There has been a lot written about interest rates since last week's Federal Open Market Committee meeting and the accompanying statement.
With the Fed's decision to continue its open market purchasing at the same pace we have seen over the last year, many investors and analysts were surprised that the Fed didn't announce plans to taper their purchases.
I am not here to debate whether the decision was right or wrong, but what I do know is that investors are not big fans of 10-year Treasury notes right now.
Looking at the Commitment of Traders report from this past Friday, we see that large speculators are short over 120,000 contracts, which is the most since November 2011.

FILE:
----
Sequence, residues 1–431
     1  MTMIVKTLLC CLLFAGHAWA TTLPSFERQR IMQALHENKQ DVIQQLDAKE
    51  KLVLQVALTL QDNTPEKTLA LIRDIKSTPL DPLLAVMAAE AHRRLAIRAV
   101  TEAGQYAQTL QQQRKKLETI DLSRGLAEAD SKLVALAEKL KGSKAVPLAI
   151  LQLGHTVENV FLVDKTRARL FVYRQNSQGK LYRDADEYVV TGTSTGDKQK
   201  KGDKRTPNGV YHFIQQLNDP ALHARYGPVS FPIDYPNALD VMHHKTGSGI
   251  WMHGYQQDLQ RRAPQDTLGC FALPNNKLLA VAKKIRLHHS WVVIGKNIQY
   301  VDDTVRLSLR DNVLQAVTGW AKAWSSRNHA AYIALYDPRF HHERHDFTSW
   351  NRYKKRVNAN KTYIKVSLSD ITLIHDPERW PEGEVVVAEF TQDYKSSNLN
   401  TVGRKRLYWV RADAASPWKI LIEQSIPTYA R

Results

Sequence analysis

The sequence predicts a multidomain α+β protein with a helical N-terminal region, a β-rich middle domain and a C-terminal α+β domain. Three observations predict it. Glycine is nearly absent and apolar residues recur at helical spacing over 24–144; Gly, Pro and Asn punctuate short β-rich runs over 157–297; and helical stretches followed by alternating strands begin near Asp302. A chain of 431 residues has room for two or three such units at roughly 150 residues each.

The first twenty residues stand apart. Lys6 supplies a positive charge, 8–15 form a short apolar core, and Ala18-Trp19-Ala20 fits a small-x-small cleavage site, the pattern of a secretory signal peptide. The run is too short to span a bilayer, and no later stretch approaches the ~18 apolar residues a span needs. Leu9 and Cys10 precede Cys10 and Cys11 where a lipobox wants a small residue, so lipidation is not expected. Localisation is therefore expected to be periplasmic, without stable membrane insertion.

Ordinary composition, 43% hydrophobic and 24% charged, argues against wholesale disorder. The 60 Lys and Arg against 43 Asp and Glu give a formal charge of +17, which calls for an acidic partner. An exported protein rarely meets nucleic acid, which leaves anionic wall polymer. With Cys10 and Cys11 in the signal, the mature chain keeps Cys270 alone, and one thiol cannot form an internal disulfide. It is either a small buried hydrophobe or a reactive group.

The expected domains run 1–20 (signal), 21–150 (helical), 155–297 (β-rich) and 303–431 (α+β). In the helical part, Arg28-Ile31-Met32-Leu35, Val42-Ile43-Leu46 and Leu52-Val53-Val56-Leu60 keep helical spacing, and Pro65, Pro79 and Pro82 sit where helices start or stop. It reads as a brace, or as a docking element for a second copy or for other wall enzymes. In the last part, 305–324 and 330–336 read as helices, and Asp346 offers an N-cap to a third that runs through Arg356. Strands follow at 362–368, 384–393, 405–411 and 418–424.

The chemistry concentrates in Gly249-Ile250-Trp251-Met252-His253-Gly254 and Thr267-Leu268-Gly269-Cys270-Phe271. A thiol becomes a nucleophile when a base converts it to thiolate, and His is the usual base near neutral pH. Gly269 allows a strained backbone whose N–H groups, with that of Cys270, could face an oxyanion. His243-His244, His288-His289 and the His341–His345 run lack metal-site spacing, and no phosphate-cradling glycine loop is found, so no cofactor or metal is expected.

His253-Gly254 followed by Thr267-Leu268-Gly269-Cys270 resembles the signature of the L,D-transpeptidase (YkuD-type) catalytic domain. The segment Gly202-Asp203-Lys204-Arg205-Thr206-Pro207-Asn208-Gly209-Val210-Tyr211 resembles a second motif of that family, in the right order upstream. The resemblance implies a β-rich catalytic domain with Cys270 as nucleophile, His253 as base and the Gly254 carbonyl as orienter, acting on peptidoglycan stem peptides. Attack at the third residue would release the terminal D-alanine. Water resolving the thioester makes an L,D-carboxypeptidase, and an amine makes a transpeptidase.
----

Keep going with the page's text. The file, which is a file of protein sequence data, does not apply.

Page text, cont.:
Small speculators are short over 165,000 contracts and have been short over 200,000 contracts much of the last three months. The last time small speculators were even close to showing this much bearishness was in May 2006.
With the yield on the 10-year Treasury sitting right around 2.71 percent right now, it looks like we might see a rally in the prices, which will drive the yield down.
In November 2011, the yield fell from 2.25 percent to 1.8 percent in the next few months and eventually fell to 1.5 percent in July 2012.
Back in 2006 when small speculators were so bearish, the yield was up at 5.2 percent and fell to 4.5 percent by November.
Looking at these past instances, yields appear to be ready for a dip.
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